Instead, I cooked up a freeze-dried omelet, devoured it in seconds, and spent an inordinate amount of time watching a hornet enjoy the ridgelike scraps in the pan. It seemed thrilled by the bits of red pepper, working its feelers, walking all over the escarpment of reconstituted, processed, heat-fixed chicken biota. It lifted off and scouted the rest of my camp before returning to the pan. I imagined that it had spent a prior life as a great rancher and exploiter, or as a trucker on the Seattle-to-San Diego corridor, flirting with waitresses at diesel stops, and then, through some mechanism it couldn't understand, had found itself reincarnated as a hornet, malicious and hungry and trying to nibble tiny bits of reconstituted egg. This is where my brain had gone— projecting my anguish onto an insect.
Shoving the dirty pan into my pack, I decided I was done. I'd planned to meet that afternoon with another friend, and I resolved to simply ask him for a ride back to the Bay Area.
The next summer, smarter, I headed back to the Sierra Nevada to try it again. I set aside four weeks, packed a much lighter pack, left the Melville at home. But a funny thing happened at the last minute. With my pack loaded, ready for JMT take two, I bumped into some old friends in front of a store in Tuolumne Meadows, as I was preparing for the long drive to the southern trailhead. They were headed for Wyoming and asked if I'd like to come. I told them I'd love to. And that was that. I left my car behind and spent two weeks on a Jackson Hole porch, smoking cigarettes and drinking bourbon and refusing even to go on day hikes.
Something similar happened on my return to California later that summer, when I talked another buddy into ticking off a section of the JMT with me. His antique Porsche broke down on California Route 120, and we got towed into Yosemite Valley, where we spent two days drinking beer on the Ahwahnee Hotel's veranda while the mechanic waited for a part.
My fourth JMT attempt marked the beginning of my conversion to ultralight hiking. Eight summers after my original fiasco, having since married and acquired a kid and a mortgage, I talked my wife into joining me on a 35-mile stretch of the trail, a sort of mini-through-hike from Mammoth to Tuolumne Meadows.
By that point, I'd heard stories about people doing long hikes with very little gear, and I decided to give it a try. The only move I considered truly risky was to wear running shoes instead of hiking boots. Without buying any new high-tech lightweight gear, I got my pack down from a no-food weight of 50 pounds to about 25. I simply followed a process akin to the one famously practiced by Winton Porter, owner of Mountain Crossings, a supply store that sits astride the Appalachian Trail, 30 miles from the southern starting point. Whenever Porter sees overloaded hikers, or hears them complain about pack weight, he makes them dump everything out. He plucks out what they don't need and ships it home for them. "We ship back about 9,000 pounds a year," Porter says. "UPS is here once or twice a day."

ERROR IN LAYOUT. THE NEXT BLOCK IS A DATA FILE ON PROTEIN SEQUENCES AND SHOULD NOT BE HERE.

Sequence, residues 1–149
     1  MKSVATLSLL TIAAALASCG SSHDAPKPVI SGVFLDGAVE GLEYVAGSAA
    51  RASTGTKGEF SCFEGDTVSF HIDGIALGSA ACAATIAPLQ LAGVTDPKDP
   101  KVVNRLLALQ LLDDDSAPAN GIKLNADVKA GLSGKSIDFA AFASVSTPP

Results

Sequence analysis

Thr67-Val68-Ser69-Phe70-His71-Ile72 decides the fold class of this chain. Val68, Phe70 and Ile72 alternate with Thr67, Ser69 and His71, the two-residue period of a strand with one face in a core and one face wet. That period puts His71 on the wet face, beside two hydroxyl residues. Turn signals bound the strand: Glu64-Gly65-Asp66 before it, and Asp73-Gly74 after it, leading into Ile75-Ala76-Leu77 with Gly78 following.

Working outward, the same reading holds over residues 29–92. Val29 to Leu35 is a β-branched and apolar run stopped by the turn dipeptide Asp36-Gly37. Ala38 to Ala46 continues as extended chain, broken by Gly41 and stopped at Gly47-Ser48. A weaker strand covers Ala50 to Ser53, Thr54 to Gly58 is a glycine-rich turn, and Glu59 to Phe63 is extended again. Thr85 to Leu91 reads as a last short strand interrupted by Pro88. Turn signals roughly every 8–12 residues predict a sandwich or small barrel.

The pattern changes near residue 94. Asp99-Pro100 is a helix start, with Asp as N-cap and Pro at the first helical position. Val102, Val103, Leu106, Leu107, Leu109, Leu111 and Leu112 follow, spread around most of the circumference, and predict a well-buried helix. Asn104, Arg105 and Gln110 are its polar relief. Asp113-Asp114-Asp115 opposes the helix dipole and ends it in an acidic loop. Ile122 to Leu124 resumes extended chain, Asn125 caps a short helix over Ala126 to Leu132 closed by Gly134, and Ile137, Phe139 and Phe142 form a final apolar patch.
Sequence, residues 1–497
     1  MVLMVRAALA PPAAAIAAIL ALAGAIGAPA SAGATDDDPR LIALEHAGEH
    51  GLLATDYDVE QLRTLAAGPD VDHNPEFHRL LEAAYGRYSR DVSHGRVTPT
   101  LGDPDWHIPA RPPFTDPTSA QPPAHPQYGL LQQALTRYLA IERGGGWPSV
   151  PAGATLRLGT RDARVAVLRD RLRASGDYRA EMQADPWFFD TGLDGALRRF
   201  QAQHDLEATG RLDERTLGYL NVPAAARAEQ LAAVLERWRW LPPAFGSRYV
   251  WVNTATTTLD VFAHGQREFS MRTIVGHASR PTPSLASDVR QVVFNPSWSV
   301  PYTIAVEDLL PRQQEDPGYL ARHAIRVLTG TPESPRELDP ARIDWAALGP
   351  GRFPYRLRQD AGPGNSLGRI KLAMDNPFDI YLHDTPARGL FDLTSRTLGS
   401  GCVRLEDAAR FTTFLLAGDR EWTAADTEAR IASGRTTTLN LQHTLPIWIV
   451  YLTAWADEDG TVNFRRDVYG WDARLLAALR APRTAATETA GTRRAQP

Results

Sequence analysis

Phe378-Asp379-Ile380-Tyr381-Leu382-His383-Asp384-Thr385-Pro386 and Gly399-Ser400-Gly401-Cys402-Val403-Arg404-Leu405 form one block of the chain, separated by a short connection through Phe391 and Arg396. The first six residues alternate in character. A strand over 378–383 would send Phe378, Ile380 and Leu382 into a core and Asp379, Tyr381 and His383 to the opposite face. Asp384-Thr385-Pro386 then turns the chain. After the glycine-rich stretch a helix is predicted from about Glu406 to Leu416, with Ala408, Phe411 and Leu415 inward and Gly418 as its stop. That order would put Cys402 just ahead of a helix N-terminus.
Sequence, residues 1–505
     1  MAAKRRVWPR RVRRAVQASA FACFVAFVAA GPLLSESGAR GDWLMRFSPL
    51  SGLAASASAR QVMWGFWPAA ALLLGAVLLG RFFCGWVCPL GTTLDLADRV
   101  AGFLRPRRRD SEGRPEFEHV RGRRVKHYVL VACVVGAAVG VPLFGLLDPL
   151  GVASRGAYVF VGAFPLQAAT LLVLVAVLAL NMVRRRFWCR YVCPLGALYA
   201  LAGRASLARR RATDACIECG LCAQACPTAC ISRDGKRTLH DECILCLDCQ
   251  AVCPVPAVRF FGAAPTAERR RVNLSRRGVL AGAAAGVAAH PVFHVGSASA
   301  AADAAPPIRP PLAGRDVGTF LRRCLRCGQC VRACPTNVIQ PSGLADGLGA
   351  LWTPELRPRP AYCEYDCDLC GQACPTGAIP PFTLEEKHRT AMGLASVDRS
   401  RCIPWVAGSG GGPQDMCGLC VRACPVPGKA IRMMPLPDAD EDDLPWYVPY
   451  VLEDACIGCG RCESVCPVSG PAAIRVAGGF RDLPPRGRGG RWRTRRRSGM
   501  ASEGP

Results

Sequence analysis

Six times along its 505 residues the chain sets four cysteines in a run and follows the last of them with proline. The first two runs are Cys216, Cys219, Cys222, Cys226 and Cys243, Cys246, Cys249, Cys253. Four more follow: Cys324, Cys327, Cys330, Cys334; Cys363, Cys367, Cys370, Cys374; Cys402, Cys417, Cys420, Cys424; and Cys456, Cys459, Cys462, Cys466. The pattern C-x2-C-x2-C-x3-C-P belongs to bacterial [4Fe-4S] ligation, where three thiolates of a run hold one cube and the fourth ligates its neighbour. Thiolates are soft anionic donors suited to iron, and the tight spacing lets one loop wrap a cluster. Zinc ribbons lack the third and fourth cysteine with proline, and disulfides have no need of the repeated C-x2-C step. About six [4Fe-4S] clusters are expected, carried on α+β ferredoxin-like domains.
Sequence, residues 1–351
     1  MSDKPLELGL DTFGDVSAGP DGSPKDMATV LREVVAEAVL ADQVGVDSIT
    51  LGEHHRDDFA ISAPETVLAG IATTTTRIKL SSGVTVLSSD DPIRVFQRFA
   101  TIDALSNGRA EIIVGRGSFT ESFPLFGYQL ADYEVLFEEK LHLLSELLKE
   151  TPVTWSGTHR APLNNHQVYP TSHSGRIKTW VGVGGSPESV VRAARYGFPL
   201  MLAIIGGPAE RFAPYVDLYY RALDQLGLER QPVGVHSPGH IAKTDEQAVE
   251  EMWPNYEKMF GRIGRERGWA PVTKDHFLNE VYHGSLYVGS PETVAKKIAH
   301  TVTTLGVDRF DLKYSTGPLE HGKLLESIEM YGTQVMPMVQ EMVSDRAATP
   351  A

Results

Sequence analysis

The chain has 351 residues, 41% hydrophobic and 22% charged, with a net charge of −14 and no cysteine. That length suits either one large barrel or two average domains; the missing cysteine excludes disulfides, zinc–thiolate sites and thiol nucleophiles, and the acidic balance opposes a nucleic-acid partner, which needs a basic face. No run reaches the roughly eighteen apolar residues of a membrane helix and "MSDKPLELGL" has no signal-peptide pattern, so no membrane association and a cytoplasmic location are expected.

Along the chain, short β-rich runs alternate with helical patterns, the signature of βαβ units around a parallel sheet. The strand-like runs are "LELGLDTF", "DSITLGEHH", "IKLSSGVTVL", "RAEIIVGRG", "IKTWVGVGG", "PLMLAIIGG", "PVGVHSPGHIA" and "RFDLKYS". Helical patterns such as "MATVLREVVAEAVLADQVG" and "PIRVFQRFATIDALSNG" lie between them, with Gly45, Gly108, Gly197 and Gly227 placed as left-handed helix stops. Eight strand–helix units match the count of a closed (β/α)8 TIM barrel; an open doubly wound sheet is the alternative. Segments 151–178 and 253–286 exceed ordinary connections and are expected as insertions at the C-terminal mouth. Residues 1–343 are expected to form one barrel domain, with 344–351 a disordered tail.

I told my wife I'd averaged about eight miles a day during my original JMT bid, and we plotted accordingly, giving ourselves four days to get from Mammoth to Tuolumne. Our day-one destination was Shadow Lake, only six miles in, because I knew that first days are always the worst, when your pack seems to weigh too much and you haven't acclimated to the altitude.
We got a late start, not hitting the trail until about 9:30 a.m. And yet, just before noon, we found ourselves on the shores of Shadow Lake. Somehow we'd walked six miles in two and a half hours. We considered dropping the packs and resting all afternoon, but we simply weren't tired. So we rushed on, reaching our planned day-two destination well before dark, and still were not tired.
It was all very confusing. We finished so quickly we ended up getting a hotel room for a couple of days.